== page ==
Abstract 873: Differential Effects of Long-Acting Nitrates on Endothelial Progenitor Cells are Determined by Reactive Oxygen Species Formation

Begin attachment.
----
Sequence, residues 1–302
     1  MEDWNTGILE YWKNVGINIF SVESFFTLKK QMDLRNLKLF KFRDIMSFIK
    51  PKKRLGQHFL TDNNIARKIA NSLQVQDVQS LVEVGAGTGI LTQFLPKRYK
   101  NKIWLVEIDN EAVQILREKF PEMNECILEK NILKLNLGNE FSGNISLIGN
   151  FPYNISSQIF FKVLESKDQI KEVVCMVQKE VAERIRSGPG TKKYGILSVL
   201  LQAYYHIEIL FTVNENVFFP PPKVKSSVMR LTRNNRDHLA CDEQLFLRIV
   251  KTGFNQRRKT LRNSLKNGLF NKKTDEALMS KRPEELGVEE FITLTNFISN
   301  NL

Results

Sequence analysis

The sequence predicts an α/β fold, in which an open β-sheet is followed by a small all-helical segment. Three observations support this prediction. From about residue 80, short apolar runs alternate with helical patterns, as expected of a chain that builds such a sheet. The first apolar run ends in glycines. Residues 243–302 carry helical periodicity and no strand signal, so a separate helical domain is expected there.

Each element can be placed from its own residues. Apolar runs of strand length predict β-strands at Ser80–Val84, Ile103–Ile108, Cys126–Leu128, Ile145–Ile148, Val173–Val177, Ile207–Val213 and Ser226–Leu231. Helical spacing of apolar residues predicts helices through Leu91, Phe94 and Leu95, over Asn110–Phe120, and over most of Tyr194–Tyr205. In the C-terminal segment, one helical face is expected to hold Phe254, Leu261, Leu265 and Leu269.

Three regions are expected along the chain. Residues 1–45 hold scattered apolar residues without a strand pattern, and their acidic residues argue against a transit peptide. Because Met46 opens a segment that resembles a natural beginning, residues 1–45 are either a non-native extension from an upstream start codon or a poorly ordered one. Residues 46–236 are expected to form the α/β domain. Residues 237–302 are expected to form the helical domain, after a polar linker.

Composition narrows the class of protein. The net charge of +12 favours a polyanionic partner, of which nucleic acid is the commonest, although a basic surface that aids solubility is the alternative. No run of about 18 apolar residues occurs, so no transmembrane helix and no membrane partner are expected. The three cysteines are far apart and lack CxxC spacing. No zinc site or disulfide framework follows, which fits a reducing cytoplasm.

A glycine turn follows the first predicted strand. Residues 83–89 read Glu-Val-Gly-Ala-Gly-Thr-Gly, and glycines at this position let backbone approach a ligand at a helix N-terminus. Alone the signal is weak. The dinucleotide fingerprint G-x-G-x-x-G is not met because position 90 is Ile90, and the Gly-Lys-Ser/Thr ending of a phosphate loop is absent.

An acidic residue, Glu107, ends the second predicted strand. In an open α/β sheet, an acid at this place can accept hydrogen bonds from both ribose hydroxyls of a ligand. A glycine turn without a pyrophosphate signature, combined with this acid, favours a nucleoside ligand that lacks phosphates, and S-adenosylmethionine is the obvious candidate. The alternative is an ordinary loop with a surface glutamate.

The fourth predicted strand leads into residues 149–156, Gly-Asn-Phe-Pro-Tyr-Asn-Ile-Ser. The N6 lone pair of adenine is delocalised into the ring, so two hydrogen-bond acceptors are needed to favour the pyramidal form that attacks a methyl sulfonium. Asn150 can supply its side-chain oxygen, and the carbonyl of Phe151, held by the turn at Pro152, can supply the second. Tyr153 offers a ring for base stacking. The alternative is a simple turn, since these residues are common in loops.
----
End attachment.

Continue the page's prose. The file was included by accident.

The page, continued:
Reduced levels and impaired function of endothelial progenitor cells (EPC) contribute to the development of coronary artery disease. Endothelial nitric oxide synthase derived NO regulates in part mobilisation and differentiation of progenitor cells. Nitrate compounds release NO and may favourably affect number and function of EPC. We compared the effects of different nitrates on EPC function in vitro and on circulating EPC levels in vivo. Inhibition of endogenous NO production by N-nitro-l-arginine led to an impaired differentiation and function of EPC in vitro. Surprisingly, treatment of EPC with isosorbide dinitrate (ISDN; 100μM) likewise reduced migration of EPC by 20.7±3.1%, whereas pentaerythritol-trinitrate (PETriN; 100μM), the active metabolite of pentaerythritol-tetranitrate (PETN), improved migratory capacity of EPC by 26.6%±6.9% (p<0.05). Concomitant treatment of EPC with PETriN and a NO-scavenger, abolished the beneficial effect of PETriN. Incorporation of EPC into vascular structures on matrigel was not changed upon treatment with PETriN, but significantly reduced by 42.3±4.2% (p<0.05) after treatment with ISDN. ISDN, but not PETriN, significantly increased reactive oxygen species (ROS) in cultured EPC (fluorescence microscopic detection). Addition of pegylated superoxide-dismutase normalized ISDN-induced ROS production and migratory capacity of EPC. In vivo, release of PETriN or ISDN for 3 days from implanted osmotic mini-pumps increased circulating EPC levels about 2-fold. Ex vivo experiments demonstrated improved function of EPC only after treatment with PETriN, whereas EPC from ISDN treated animals had dysfunctional EPC with increased intracellular ROS formation. Long-acting nitrates increase levels of circulating EPC. However, ISDN increased ROS formation and impaired EPC function, whereas PETriN had favourable effects on EPC.